I’m not sure if any of you saw this review that came out in The Lancet, but it’s a pretty handy catalog of the benefits for women with circumcised partners. I posted the picture below to my Tumblr today.
If you’re not really familiar with statistics, I’ll provide my interpretation. Basically each horizontal line represents a study that compared STD rates in women with either circumcised or uncircumcised partners. The blue and red boxes and circles are the calculated odds ratios (or similar risk measurements), where numbers less than 1 are less dangerous (the women were less likely to have STDs), and numbers greater than one are more dangerous (the women were more likely to have STDs). The horizontal lines themselves represent the confidence interval (CI); a statistical tool for analyzing how likely the results were accurate. It is important to note that when the horizontal lines cross the vertical lines, the study is generally regarded as “stastically insignificant”, because it is within the boundaries of stastical likelihood that there is no big difference between groups. In addition, it’s impossible to assess how stastically likely the studies represented by boxes and circles without an associated horizontal line may be.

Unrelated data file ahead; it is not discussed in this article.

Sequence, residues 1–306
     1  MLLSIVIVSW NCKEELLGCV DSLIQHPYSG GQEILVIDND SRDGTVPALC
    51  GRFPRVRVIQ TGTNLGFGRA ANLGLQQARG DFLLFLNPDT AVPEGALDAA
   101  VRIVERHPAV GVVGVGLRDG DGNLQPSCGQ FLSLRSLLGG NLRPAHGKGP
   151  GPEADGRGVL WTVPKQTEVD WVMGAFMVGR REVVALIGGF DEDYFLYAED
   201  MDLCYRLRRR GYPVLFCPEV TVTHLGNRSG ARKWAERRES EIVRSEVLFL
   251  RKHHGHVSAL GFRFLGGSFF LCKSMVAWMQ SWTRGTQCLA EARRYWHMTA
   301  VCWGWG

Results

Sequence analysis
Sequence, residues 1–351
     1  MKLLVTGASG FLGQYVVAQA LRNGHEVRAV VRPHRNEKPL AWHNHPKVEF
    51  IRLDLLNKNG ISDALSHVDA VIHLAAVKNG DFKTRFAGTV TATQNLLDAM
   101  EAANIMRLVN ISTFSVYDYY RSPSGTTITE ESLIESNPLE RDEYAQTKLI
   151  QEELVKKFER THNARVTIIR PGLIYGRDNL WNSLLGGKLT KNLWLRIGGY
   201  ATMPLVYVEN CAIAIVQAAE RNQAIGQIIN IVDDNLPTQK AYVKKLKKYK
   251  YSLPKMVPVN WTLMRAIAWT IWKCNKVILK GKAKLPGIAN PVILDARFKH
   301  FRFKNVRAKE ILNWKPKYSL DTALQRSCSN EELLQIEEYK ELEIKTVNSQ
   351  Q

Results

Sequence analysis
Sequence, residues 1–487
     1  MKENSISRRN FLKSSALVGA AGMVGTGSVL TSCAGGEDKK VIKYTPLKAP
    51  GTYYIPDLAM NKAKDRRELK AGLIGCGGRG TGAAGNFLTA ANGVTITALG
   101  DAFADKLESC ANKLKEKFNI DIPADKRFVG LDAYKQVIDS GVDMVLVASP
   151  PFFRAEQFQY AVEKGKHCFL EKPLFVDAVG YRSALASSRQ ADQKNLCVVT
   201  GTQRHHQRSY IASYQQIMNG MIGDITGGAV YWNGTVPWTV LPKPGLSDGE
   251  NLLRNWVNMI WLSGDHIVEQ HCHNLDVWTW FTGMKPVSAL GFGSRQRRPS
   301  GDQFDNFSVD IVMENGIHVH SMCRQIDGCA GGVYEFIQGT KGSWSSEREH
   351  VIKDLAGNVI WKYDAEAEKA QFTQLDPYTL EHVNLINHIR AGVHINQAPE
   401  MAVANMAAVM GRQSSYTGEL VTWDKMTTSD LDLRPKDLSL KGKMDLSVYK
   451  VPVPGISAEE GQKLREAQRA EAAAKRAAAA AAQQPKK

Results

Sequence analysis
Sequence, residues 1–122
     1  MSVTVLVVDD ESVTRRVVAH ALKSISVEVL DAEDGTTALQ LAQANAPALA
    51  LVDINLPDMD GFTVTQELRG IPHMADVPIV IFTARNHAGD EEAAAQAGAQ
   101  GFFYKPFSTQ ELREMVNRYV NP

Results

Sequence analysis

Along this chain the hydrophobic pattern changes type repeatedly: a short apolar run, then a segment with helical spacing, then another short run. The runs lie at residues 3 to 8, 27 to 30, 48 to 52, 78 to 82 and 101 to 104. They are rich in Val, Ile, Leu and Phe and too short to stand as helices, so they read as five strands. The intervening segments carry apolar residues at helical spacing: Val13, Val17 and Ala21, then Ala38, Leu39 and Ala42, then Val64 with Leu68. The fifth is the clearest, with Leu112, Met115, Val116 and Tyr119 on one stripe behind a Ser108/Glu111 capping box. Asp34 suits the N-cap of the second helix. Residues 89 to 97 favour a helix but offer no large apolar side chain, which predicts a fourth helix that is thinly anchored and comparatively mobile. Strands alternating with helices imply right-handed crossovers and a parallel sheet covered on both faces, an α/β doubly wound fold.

The vertical lines above the number 1 on left and right indicate the point where a study found that there was no difference between cut and uncut. Because all numbers presented in this figure are presented in regards to women with circumcised partners, if a study found that fewer women with circumcised partners had STDs, the boxes (and associated horizontal lines) are to the left of the 1. If the study found that more women with circumcised partners had STDs, the boxes are to the right of the 1. By my count, even if you eliminate all of the studies that don’t appear stastically significant, a quick tally of the score looked like Team Cut: 22, Team Hoodie: 1 to me. Sorry if my explanation of the stats wasn’t that great. Feel free to let me know if you’d like for me to try to explain it better.